No Willful Change

Let’s say I’m at A
And I like A
Why would I change?


Let’s say I’m at A
I don’t like A
I’m tense
I want to get away from A
I do things to go from A to B


Let’s say I’m at A
I don’t like A
I’m curious about A
I let myself be at A
I feel what comes up
In the spirit of “All things must pass”
The universe draws me away from A
I may end up at B or somewhere else

What if I consistently chose the third scenario, rather than the second?  If I’m tired, I go inside myself and feel it.  I may lie down for awhile but I’m not shaking my head, denying that I’m tired.  If I’ve eaten too much, I let myself go inside the bloating, the pressure.  What’s it like?  If someone has spoken harshly to me, I let my feeling come up, whatever it is … anger, sadness, fear.  I don’t shove it down with TV or by staying busy.

Perhaps I don’t need to move away from anything (with the possible exception of a speeding car!)  The pain of life could be most vivid in the experience of “Not this, not that”, the sense that this moment needs to be improved, avoided, ignored.

Despite the sometimes existence of bodily pains and spiritual woes, staying inside what’s happening right now could be the road to freedom.

If I let go, will the universe provide?

Out Of The Blue

I was just at Wendy’s in St. Thomas, having their yummy Asian cashew chicken salad.  It’s freezing rain right now … our first taste of winter.  On the way there, I concentrated like crazy.  Slow, Bruce, slow.  And gentle turns.

Emerging from the restaurant fully satisfied, I poked my way home.  Sometime during the trip, my caution evaporated … and I sobbed for Jody while winter passed me by.  Huge, gasping cries.  How I miss my dear wife.

But where did this fresh grief come from?  I don’t see any trigger.  The last few weeks, I haven’t been crying for Jodiette every day – maybe every second one.  But this, just half an hour ago, was a flood.

Last week I had lunch with my friend Lyrinda.  We had two hours of great talk.  Maybe halfway through, there was another flood.  I was overwhelmed with an immense peace, such that I just sat there with mouth open.  Lyrinda smiled.  And the sublimity continued to percolate through me.  [Oh, my.  I just wrote this stuff and the peace and the tears are both here with me.  Oh … how can they be visiting at the same time?  But they are.  I think I’ll just sit with them for a few minutes.]

Did my written words call forth the peace and the sorrow?  If so, perhaps I can bring into being anything I want, just by saying or writing it.  And yet a big slice of me doesn’t want to perform acts of will.  It wants to let go.  Aren’t the moments of serendipity allowed entrance by open hands, rather than clutching ones?  Well … maybe both can create the sun bursting through the clouds; or 1, 2, 3, 17, 121 … ; or joy.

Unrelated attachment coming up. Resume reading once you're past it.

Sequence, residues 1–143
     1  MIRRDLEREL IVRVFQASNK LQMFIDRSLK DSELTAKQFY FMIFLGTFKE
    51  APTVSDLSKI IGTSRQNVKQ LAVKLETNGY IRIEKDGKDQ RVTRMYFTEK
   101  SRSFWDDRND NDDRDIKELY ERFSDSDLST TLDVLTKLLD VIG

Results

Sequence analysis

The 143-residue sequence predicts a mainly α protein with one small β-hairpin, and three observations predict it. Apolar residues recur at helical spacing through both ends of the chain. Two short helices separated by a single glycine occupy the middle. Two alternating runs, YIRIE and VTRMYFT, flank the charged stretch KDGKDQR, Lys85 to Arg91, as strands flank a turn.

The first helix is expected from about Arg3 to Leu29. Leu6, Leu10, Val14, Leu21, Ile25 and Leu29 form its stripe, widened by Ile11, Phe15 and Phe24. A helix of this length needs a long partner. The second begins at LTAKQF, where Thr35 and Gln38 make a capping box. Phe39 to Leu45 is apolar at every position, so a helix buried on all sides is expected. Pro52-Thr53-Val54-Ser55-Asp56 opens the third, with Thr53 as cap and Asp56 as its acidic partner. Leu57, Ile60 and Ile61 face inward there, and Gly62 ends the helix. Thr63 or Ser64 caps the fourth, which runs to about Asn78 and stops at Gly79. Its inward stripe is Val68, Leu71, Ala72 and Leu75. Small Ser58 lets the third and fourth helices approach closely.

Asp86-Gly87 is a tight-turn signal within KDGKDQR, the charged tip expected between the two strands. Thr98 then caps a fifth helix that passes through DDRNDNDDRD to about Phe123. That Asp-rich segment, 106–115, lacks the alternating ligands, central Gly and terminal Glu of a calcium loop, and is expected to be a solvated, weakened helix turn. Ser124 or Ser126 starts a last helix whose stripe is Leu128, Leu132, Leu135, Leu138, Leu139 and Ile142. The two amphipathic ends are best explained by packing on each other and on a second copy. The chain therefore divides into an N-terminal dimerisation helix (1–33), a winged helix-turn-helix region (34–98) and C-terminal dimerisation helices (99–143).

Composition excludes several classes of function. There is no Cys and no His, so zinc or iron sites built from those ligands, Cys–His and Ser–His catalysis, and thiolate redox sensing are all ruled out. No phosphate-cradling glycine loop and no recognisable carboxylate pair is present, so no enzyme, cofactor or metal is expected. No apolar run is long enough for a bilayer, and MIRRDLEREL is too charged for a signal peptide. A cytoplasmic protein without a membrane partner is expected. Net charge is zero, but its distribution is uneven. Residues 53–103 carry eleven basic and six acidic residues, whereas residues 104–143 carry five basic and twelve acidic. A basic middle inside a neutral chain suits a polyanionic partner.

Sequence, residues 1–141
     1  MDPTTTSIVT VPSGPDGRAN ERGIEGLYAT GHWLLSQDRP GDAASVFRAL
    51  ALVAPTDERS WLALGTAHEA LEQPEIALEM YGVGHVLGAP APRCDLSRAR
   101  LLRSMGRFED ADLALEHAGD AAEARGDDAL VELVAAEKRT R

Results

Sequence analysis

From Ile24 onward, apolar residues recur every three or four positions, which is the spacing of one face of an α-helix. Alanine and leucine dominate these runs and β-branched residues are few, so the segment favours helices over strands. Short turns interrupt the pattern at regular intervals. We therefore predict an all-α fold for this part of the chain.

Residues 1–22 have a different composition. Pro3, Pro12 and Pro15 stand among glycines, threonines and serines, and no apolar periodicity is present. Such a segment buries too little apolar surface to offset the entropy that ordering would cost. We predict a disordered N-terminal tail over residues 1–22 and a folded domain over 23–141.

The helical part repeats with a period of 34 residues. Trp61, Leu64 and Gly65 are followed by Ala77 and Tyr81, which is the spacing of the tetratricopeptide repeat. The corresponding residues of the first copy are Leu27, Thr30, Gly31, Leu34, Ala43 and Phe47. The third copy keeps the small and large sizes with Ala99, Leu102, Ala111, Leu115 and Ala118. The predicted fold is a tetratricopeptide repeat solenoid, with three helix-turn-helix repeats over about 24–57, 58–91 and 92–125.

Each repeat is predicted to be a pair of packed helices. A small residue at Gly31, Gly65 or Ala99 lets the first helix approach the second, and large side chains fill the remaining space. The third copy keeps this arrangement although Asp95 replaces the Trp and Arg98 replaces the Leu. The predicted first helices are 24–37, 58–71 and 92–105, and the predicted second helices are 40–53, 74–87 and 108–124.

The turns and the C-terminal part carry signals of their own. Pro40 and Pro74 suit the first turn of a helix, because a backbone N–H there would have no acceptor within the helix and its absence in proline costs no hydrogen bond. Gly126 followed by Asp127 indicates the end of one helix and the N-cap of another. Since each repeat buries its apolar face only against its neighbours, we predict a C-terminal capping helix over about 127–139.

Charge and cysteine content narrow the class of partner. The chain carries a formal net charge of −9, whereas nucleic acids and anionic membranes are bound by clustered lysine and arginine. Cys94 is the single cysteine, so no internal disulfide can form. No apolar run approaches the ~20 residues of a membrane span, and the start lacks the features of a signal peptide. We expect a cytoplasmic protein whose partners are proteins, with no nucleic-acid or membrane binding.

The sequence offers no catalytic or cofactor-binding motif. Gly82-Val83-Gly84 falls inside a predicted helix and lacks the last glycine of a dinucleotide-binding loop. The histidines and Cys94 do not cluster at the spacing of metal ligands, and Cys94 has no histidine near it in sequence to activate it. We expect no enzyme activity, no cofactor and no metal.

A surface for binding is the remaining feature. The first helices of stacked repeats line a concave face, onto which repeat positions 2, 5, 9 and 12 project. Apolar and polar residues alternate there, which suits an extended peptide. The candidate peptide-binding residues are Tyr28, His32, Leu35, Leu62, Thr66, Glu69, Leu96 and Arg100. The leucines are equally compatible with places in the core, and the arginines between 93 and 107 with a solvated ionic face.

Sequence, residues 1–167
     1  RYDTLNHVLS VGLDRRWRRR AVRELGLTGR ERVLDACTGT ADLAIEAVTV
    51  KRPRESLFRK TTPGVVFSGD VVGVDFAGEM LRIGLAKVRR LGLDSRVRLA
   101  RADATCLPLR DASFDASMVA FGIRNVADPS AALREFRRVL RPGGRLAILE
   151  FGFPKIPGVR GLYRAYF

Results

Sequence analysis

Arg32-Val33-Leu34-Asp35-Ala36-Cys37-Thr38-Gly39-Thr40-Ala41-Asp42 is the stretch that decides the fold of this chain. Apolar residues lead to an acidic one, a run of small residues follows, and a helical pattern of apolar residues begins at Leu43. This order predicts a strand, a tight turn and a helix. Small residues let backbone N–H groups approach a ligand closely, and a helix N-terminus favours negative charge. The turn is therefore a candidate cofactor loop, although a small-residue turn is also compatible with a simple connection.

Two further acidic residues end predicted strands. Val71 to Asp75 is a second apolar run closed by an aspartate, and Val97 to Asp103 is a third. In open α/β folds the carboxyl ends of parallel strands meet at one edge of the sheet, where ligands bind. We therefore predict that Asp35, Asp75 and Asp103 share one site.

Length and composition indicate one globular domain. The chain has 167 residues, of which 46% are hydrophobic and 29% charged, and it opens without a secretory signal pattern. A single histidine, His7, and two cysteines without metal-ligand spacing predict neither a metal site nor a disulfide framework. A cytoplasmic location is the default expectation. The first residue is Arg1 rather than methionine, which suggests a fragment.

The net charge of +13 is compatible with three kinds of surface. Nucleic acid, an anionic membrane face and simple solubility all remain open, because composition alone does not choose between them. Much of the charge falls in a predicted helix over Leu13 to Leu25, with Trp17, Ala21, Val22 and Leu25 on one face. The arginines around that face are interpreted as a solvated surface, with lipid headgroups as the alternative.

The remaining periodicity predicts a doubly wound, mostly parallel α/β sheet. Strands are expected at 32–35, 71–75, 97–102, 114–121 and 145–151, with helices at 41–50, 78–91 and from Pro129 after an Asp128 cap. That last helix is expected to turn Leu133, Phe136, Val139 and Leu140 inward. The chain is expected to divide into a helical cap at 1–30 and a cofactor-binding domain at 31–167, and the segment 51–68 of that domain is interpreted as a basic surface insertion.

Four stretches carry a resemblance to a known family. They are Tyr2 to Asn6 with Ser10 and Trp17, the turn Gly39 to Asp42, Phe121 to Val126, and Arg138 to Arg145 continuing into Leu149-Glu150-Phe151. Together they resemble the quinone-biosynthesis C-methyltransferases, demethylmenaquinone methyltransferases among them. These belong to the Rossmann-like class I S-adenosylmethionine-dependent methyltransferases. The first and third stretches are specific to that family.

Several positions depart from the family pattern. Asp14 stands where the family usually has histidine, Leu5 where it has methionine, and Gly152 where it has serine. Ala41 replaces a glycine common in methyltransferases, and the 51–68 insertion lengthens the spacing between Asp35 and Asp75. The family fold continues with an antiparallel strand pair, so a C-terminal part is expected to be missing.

I’ve often wondered about my handwriting and what it says about me.  I look back at some of my high school textbooks, and the notes I made in the margins.  Everything is sharp angles, sort of tortured-looking.  I remember being pretty happy as a teenager, except when it came to acne.  Boy, I had a case of it!  Is that what all those straight and fractured lines were about?

As an intinerant teacher of visually impaired students, at least before I had grown a laptop on my fingertips, I walked around countless classrooms with an 8.5 x 11″ lined pad of paper as my weapon of choice.  Okay, not a weapon, but I sure scribbled like a madman.  Reams of paper, with the script unintelligible to others, and sometimes to me.  I created frantic slashes of ink, afraid to miss a single salient point about the Grade 5 kid with cataracts.  Somehow, I later wrote reasonably cogent reports about said children.

Another venue for my pen-like expressions were, and still are, 3 x 5″ index cards, on which I have purported to record the collective wisdom of mankind, as revealed in a ton of spiritual and philosophic books.  Sitting in my man chair, relaxing through chapter after chapter, I knew there’s no hurry, so I expected that my handwriting would flow like the blessings of the universe.  Nope.  Instead, another type of penmanship showed up.

Despite the peace which I’ve usually felt as I’ve contemplated thoughts for the ages, my hand does not follow suit.  Too often, I cross t’s and dot i’s before the whole word has been revealed.  I have trouble with the “ng” combo at the end of words.  Recording those letters should be a graceful experience.  Instead, my hand stutters as I try to make the end of the “n” reach towards the top of the “g”.  My pen dives down rather than up, in a spasm of jerkiness.

As I near the right end of the card, I try to cram more words in, while I could just leave lots of space as I wander onto the next line.  The same when I’m nearing the end of the whole card.  More!  More!  Stuff it in.  How very silly, and worrisome, to me.  What kind of spiritual path am I on if I can’t let go with a pen in my hand?

I decided yesterday not to worry about the beauty of my script.  “Just go slow, Bruce, and see where that takes you.  Feel the essence of pen peace.”  But then I glimpse the possibility that any flow or non-flow of my writing is fine.  Let it all be there.  Be a “jerk” if that’s what your hand leads you to.  So I’ve chosen to do exactly that.  It’s all groovy, even though I have visions of a highly evolved soul and hand working in blissful tandem.  Maybe next lifetime.